.SQL = strSQL
    End With
    RefreshPTSP = qdefName

    'Disables any enabled error handler in the current procedure.
    On Error Resume Next
    Set DB = Nothing
    Set qdef = Nothing

    Exit Function


       MsgBox err & ": " & err.Description
End Function

In this situation, I create the SQL string and send it into this function from another procedure, such as the After Update event of a combo box or list box when a value for the WHERE clause is selected.

My Real Name Is George. Grover Park Consulting is where I did business for 20 years.
How to Ask a Good Question
Beginning SQL Server
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post Nov 7 2019, 11:41 AM

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Posts: 8,010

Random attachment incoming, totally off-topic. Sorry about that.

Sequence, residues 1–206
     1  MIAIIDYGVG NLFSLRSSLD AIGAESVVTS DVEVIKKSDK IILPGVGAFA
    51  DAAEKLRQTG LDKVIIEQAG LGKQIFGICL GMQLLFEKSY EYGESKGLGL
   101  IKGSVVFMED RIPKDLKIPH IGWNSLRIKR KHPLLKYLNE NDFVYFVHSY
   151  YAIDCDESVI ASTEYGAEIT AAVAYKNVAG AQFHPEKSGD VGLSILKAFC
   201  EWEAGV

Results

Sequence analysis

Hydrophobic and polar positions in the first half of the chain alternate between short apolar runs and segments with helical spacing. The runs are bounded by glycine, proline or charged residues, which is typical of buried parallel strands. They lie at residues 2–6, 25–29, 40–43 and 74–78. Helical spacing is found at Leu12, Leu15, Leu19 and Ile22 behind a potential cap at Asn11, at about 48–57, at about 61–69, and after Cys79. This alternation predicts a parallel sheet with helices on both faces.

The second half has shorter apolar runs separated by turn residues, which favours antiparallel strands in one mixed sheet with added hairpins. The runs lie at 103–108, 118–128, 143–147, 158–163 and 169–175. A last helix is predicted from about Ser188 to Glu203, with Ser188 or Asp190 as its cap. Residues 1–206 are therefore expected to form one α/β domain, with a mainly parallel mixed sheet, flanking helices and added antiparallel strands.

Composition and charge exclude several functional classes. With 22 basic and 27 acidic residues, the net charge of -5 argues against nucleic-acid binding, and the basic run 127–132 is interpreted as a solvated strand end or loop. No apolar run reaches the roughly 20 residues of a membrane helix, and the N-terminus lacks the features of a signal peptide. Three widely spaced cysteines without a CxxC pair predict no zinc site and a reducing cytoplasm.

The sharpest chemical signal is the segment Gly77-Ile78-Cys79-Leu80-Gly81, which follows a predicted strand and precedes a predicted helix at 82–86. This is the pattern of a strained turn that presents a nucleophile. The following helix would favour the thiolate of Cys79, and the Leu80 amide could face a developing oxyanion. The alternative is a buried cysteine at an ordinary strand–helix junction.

Joined: 24-May 10
From: Downeast Maine

It may be necessary to add:

.ReturnsRecords = True

or for an action query:

.ReturnsRecords = False

I am not familiar with MySQL, but in SQL Server the SQL for an action query is the SQL you would use to run the stored procedure in SQL Server Management Studio (the interface for working directly with the database tables, etc.).
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post Nov 7 2019, 11:59 AM

UA Admin
Posts: 36,518
Joined: 20-June 02
From: Newcastle, WA

Good point. I tend to save that in the properties of the PT,

Attached File  PTProperties.png ( 15.32K )Number of downloads: 4

but it would be more flexible to do it as part of the VBA function like that.

My Real Name Is George. Grover Park Consulting is where I did business for 20 years.
How to Ask a Good Question
Beginning SQL Server